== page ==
All told, McSwain’s RSA training generally lasts about 90 days, though it can go faster or slower based on the learning speed of the particular candidate. “Typically, we are seeing that by the middle of the second month, they are ready to take on customers,” says Wright.
Continuing education is an important component to the retailer, as well. McSwain is looking forward to the release of a new Floorish design program that consists of 15 modules. The entire RSA team-new and veteran-will participate.
In addition, McSwain likes to bring in experts to teach important concepts, such as how to “sell up” rather than starting low; Pami Bhullar, VP of business development for The Dixie Group’s residential business, is a favorite.
“Pre-Covid every time we get the sales group together, there is a training component,” reports Wright.
Since coming aboard, Gadd has instituted Wednesday Wisdom sessions, which focus on personal and skill development issues.
Wright concludes that true success for RSAs at McSwain comes from, “having a passion for serving the customer” and the ability to adapt and thrive in the culture they’re in. “In an operation of our size, a person can get lost,” he notes. “A successful RSA has to learn their support structure: who to go to, who to rely on. If they can’t build those connections, they will get lost or frustrated.”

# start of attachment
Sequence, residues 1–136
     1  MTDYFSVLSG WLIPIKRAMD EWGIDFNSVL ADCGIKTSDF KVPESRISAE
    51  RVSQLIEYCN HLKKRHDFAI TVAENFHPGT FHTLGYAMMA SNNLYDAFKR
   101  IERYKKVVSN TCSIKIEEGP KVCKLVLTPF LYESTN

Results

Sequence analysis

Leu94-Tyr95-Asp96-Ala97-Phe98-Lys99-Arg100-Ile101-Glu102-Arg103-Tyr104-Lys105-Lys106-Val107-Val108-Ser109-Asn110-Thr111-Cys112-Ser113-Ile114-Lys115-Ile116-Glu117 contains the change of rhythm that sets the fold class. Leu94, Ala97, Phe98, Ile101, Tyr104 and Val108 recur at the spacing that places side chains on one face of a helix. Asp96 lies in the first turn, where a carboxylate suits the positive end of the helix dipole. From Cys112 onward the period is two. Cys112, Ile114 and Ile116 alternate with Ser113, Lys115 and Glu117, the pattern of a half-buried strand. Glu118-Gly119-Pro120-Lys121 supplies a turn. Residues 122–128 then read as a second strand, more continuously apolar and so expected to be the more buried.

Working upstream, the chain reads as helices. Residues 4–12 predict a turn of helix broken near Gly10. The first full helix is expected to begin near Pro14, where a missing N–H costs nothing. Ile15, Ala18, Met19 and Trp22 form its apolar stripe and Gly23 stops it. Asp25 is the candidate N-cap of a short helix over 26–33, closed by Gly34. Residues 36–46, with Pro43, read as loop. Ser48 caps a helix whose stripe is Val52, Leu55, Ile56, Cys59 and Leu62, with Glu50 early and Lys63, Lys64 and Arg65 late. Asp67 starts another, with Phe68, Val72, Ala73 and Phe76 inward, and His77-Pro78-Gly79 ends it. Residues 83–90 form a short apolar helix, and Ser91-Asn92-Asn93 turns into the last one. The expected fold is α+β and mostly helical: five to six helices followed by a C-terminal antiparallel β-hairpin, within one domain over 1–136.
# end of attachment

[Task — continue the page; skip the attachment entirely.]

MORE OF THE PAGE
Not all retailers have the resources and bandwidth to create and operate formal in-house training programs. As such, manufacturers make an effort to bridge the gap by providing RSA support for their retail partners.
Morgan Obey, digital engagement manager at Shaw Industries, leads a team of eight Shaw employees who serve as a connection point between Shaw and its retailers. The goal of the team is to educate, enable and empower partner RSAs to be comfortable selling.
All of the training is complementary, and the Shaw team offers opportunities for engagement monthly. These opportunities can be enjoyed in either a live, interactive format or utilized at a later date, as they are compiled for on-demand use.
Shaw offers a full gamut of programming, including product knowledge, selling tips and nuts-and-bolts information about the product categories.